Today we are going to be talking about making genuine connections with your virtual team members, and what that really means. Connecting with people virtually goes beyond simply sharing information about each other; it comes from genuine intention to grow relationships, and the genuine presence that comes from that intention.
Virtual Work Trends that will Shape the Future
How and where we work has changed dramatically. Virtual workplaces, supported by technology and innovation, continue to increase in importance and desirability as shown by the most recent remote working statistics:
- 73% of departments are expected to have remote workers by 2028.
- 86% of workers feel that remote work reduces stress.
- Companies that embrace remote work have 25% less employee turnover than those who don’t.
- Working from home and remote locations has grown 159% since 2005, more than 11x faster than the rest of the workforce.
- And 37% of remote employees would take a 10% pay cut to continue working from home.
Flexible working arrangements and virtual work trends will only continue to grow and evolve. Here are three virtual work trends that will shape the future.
1. Humanizing the virtual workplace
A frightening new reality is taking hold in business. While in some ways working remotely can reduce stress, in other ways it affects how connected workers feel with their colleagues. Ever increasing numbers of employees in virtual workplaces report feeling isolated, demotivated, and disengaged from their teams. It’s crucial for leaders to remedy this situation to keep their high-performance teams operating effectively. The solution is to bring more humanity and connectedness to the virtual work environment.
We’ve identified four essential practices that enable leaders to create connected, compassionate, and high-performance teams: Presence, Empathy, Awareness, and Action. Putting these practices into action has proven to be highly effective in humanizing the workplace and elevating the satisfaction levels of remote workers. Virtual work can enable remote workers to build a different type of connection with their colleagues – one that is more personal in several ways.
“While all four practices are essential, empathy is a good example of how thinking differently about something can have a significant impact for leaders,” explains Claire Sookman, Virtual Team Builders CEO. “As a leader, you want to be able to empathize with the people you’re managing, while also trying to read the people you report to. We call this bi-directional empathy and developing these skills will help you effectively connect with your team members and manage downward while also recognizing and relating to what’s going on above you.”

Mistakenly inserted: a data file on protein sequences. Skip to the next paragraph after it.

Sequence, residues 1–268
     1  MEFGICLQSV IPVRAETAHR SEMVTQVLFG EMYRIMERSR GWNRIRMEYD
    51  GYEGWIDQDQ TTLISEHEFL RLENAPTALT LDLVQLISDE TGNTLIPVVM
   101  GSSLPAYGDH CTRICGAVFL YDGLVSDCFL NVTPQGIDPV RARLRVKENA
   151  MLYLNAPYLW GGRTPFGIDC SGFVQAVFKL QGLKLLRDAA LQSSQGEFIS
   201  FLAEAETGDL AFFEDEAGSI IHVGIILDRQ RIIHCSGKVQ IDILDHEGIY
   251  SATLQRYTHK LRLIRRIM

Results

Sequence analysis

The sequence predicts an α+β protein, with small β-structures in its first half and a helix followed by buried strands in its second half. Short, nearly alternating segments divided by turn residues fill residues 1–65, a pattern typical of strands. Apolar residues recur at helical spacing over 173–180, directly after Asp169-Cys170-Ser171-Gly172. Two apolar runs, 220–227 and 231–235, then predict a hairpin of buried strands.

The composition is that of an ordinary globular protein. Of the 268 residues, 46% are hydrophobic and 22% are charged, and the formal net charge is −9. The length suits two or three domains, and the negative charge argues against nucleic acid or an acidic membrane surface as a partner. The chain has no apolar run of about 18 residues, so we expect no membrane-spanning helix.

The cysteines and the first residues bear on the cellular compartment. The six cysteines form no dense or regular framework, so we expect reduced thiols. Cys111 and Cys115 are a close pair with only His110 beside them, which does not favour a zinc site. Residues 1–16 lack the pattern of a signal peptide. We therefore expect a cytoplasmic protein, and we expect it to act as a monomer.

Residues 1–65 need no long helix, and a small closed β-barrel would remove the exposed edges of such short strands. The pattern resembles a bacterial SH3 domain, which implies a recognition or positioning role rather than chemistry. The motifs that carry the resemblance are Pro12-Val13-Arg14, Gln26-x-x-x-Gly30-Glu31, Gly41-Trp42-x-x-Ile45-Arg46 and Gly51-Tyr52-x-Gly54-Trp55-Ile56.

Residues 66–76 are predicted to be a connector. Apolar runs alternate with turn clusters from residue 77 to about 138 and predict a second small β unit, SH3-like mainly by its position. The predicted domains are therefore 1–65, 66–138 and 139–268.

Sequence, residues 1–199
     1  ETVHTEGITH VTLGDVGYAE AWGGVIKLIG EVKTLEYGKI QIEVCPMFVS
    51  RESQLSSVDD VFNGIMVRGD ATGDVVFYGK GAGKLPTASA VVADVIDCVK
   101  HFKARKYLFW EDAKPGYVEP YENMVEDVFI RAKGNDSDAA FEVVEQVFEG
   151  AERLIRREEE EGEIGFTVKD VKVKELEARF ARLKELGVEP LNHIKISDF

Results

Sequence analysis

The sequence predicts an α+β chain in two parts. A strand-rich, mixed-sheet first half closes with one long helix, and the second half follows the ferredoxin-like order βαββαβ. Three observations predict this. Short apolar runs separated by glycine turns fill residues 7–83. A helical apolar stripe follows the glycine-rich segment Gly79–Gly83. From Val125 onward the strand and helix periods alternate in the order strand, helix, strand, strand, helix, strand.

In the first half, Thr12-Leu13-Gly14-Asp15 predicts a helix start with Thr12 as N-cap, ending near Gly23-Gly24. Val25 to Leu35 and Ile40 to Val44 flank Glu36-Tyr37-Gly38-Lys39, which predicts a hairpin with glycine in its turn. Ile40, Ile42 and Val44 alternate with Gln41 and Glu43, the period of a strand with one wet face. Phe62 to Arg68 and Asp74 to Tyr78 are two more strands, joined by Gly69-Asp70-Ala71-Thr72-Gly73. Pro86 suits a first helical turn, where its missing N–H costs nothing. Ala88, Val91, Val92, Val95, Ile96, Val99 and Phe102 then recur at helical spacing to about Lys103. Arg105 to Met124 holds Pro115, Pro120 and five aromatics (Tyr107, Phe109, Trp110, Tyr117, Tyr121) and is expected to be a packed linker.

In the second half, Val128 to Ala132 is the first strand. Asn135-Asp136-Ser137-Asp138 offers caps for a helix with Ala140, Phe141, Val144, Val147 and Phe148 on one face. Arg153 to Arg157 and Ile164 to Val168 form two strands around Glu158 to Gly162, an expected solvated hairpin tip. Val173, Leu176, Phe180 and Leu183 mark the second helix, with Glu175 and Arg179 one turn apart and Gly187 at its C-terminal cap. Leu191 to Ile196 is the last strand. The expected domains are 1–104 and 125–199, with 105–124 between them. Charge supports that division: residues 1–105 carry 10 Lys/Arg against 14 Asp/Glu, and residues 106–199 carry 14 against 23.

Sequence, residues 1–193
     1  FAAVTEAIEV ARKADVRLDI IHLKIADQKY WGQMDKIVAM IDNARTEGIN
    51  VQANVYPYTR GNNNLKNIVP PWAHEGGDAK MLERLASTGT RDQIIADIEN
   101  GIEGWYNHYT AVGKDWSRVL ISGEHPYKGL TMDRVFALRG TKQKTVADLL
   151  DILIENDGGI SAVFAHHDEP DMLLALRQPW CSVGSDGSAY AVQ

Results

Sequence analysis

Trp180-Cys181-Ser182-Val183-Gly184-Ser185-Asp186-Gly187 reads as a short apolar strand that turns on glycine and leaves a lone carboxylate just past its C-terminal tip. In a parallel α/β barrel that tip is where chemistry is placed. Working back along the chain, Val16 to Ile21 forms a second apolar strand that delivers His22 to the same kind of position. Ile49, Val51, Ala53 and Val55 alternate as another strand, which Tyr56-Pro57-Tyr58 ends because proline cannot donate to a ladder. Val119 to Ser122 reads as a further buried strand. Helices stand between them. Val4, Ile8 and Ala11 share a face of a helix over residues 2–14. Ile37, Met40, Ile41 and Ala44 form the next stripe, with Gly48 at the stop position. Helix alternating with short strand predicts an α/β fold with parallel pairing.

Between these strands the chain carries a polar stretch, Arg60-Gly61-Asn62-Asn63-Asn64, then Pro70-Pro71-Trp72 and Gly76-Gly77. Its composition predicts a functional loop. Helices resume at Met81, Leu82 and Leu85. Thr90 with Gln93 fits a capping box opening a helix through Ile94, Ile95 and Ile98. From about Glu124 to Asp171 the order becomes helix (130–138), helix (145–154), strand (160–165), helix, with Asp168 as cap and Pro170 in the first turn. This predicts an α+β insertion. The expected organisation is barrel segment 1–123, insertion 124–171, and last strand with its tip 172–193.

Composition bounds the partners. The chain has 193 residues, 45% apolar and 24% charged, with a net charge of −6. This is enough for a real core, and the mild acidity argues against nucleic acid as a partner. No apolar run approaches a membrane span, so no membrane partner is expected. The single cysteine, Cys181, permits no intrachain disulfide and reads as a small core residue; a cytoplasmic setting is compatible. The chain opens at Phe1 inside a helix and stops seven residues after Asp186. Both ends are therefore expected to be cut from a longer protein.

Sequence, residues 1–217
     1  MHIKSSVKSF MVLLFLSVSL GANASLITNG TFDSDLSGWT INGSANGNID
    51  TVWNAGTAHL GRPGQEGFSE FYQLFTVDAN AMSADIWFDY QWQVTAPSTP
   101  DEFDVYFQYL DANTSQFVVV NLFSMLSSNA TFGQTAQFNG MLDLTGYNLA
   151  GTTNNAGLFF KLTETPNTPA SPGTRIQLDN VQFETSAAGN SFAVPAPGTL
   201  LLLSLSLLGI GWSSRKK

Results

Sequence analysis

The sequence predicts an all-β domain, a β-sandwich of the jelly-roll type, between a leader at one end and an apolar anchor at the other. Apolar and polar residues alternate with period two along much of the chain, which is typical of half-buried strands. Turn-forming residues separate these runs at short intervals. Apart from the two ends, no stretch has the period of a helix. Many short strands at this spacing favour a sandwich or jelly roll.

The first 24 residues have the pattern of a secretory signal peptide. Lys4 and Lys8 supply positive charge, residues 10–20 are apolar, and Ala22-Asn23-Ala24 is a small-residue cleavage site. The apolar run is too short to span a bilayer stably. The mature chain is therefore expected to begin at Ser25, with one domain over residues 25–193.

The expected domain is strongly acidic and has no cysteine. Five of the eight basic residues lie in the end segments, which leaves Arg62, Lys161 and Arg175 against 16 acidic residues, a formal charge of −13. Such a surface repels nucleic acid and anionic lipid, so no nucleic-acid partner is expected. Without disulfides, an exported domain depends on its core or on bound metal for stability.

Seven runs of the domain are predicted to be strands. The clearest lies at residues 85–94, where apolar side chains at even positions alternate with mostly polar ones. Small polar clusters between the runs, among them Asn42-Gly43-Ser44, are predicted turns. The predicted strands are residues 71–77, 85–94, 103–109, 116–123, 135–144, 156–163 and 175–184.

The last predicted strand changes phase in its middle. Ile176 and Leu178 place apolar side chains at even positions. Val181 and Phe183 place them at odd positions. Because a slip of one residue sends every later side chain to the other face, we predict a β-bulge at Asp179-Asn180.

2. Managing the well-being of employees
Leaders are seeing how the various stresses of working remotely can affect the mental health and well-being of their team members. Knowing how to support employees in their personal lives will take on new importance in the virtual workplaces.
According to Gartner’s 2020 ReimagineHR Employee Survey, when employers support employees with their life experience 23% more employees report better mental health. These employers also see a 21% increase in the number of high performers vs. organizations that don’t provide the same support to their employees. Supporting the well-being of your team members can improve their quality of life, help them better manage the challenges of working remotely, and enable them to perform better at work.
3. Improving operational effectiveness
Managing a team in a virtual workplace brings its own set of challenges. These can include issues around communication, tracking performance and productivity, conveying company culture and values, building, and maintaining trust, and balancing the needs of in-office employees with remote ones.
For some leaders, determining how to work effectively with their virtual teams without micromanaging is a major challenge. For companies with both in-office and virtual workers, their leaders may need to find ways to create a successfully blended working environment where employees don’t feel out of the loop or disconnected from their peers. It’s important for leaders to maintain a balance between the in-office and virtual workers so that one group doesn’t feel they’re getting preferential treatment over the other.
Some organizations may be questioning how to evolve their traditional in-office culture to align with the realities of the virtual workplace. As a leader you can increase your team’s productivity and engagement by improving operational aspects of the remote work environment.
Is your organization ready for this future? Schedule a complimentary virtual team performance survey with Virtual Team Builders today and find out!
A year ago, I would have had an incredibly difficult time imagining a set of circumstances that would have kept me from a dear friend’s funeral. Yet, that’s exactly what happened when I recently found myself unable to attend due to COVID-19 restrictions. As I mourned this loss in my own way, it also made me pause and reflect on just how much the Coronavirus pandemic is wearing on us emotionally.
American workers spend a lot of time in meetings – an average of 6 hours per week by some estimates, with the total number of weekly meetings across the country as high as 55 million. At the same time, nearly half of all meetings are rated as “poor” by employees, meaning they walk away feeling as though their time has been wasted and little was accomplished. (Verizon)